Chris Robinson Brotherhood takes fans on a festive three-night ride to conclude their 2017 fall tour in triumphant fashion at rock's most sacred venue.
Though Moon Taxi's offering of optimistic pop rock serves well as an energy and mood booster, it's a step back in creativity from past efforts.
This is a self-contained story full of new and old connections for Kitty Pride, but not much else.
A Farewell to Kings was a turning point in Rush's career and a 1970s rock essential which still informs our world today.
Anchored by an unflinching cinéma vérité style and a powerful lead performance by Margita Gosheva, Glory (Slava) thrives as a grave parable on the social media economy's corrupting influences against ethics and morality.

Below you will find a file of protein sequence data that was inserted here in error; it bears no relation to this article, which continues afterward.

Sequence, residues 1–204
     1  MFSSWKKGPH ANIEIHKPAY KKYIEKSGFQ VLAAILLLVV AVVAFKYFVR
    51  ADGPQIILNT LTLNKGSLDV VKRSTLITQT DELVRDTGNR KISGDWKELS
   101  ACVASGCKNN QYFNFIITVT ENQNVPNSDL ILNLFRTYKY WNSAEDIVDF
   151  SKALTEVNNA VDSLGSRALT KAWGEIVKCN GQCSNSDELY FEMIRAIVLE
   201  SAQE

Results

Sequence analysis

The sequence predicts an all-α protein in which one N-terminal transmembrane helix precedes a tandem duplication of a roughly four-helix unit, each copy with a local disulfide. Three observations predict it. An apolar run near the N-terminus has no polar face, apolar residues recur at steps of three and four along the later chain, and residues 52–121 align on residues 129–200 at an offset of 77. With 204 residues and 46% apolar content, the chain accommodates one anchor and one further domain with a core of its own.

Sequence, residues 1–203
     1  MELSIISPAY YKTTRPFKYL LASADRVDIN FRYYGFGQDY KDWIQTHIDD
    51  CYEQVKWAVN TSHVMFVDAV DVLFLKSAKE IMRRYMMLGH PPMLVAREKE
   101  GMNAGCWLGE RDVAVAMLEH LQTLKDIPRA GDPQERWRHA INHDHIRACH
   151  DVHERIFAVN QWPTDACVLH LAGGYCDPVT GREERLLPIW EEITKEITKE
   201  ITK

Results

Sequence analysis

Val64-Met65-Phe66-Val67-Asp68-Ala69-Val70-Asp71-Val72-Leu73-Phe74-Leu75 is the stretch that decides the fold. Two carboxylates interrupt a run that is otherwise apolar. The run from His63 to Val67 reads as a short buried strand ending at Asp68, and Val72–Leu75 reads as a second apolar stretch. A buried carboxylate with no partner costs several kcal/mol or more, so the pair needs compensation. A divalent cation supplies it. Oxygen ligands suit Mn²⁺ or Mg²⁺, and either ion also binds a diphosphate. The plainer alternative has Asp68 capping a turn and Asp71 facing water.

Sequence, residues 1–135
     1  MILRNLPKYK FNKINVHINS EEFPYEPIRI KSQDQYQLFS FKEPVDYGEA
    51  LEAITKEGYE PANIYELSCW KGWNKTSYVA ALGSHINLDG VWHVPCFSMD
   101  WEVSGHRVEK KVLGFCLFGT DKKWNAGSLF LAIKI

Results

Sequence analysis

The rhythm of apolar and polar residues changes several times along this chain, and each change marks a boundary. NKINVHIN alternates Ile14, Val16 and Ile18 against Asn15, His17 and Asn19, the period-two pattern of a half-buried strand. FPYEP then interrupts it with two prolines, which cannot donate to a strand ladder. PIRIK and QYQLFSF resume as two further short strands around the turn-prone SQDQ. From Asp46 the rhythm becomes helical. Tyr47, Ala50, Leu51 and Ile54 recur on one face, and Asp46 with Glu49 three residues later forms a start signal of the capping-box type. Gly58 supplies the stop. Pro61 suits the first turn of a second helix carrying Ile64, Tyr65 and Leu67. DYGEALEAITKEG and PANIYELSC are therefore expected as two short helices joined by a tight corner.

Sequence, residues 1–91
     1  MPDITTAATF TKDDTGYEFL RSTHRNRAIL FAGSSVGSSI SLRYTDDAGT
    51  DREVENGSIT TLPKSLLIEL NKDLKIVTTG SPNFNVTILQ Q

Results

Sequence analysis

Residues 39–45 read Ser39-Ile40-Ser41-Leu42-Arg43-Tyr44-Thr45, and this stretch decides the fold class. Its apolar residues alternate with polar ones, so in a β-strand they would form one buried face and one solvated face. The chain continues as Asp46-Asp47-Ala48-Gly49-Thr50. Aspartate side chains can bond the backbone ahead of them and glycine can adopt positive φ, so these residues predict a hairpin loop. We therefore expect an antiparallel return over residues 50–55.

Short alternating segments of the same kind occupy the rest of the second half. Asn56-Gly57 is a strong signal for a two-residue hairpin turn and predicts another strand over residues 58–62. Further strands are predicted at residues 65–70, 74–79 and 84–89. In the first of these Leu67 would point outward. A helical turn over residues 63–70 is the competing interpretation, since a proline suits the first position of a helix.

You might care about the concepts raised in Gaming Representation, but you probably won't be able to understand them.
Monocle Band features a pair of strong singer-songwriters and rock-solid musicianship. They're at their best when they stretch beyond standard Americana.
This story is largely driven by intelligent women, except for the scatterbrained Marmy, and that seems unsurprising when we consider that Wylie was a former Suffragette who preferred living with women.
On the group's grittiest album to date, Da Cruz fights local and global injustice with drums that never quit.
More rhythm and blues than country, Encore is a soulful release from the Nashville-based Anderson East.
Georges Didi-Hubermann's Bark considers the implications of truth in images from living pieces of the Holocaust.